Wait Until Your Symptoms are Really Bad Before Having an Osteoarthritic Joint Replaced

Early studies of hip replacement showed that the operation was associated with large and sustained QALY gains, and hence that it was cost-effective. The same applied to knee replacement. The patients in these studies all had severe disease, as shown by their quality of life scores at baseline. But indications for both operations have gradually expanded so that the majority of current patients who receive the operation are atypical of those in the original studies. That is to say, their disease is less severe. The long-term benefits of hip replacement have been found to be modest in recent studies, doubtless because patients with less severe disease have less capacity to benefit.[1] Now a large American study [2] has reported similar findings with respect to knee replacement, confirming that the operation is only cost-effective in people with severe pain and  limitation of movement at baseline. As in many medical/surgical treatments it is important to stratify by baseline severity. Absolute (and sometimes relative) benefits fall as baseline severity decreases, thereby radically shifting the harm to benefit ratio.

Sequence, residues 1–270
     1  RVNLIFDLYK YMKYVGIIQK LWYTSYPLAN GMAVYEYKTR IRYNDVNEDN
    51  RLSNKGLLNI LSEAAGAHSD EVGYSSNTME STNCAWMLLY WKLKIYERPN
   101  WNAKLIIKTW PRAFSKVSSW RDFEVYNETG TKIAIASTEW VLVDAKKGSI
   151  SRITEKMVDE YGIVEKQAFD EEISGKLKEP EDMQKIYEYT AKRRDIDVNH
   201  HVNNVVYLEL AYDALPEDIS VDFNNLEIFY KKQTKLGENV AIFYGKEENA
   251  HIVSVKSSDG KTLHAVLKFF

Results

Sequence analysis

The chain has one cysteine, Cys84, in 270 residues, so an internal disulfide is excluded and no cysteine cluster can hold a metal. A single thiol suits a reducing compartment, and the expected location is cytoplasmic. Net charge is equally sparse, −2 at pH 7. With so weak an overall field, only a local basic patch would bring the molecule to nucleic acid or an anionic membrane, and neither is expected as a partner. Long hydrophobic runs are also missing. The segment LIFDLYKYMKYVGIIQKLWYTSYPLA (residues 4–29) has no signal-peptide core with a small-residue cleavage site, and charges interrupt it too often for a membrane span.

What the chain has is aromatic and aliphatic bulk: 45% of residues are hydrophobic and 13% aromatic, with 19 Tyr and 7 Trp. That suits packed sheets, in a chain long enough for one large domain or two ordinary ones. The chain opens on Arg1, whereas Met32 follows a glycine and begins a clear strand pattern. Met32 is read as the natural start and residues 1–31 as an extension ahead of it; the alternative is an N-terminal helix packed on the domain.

— Richard Lilford, CLAHRC WM Director

References:

  1. Beswick AD, Wylde V, Gooberman-Hill R, Blom A, Dieppe P. What proportion of patients report long-term pain after total hip or knee replacement for osteoarthritis? A systematic review of prospective studies in unselected patients. BMJ Open. 2012; 2: e000435.
  2. Ferket BS, Feldman Z, Zhou J, et al. Impact of total knee replacement practice: cost effectiveness analysis of data from the Osteoarthritis Initiative. BMJ. 2017; 356: j1131.
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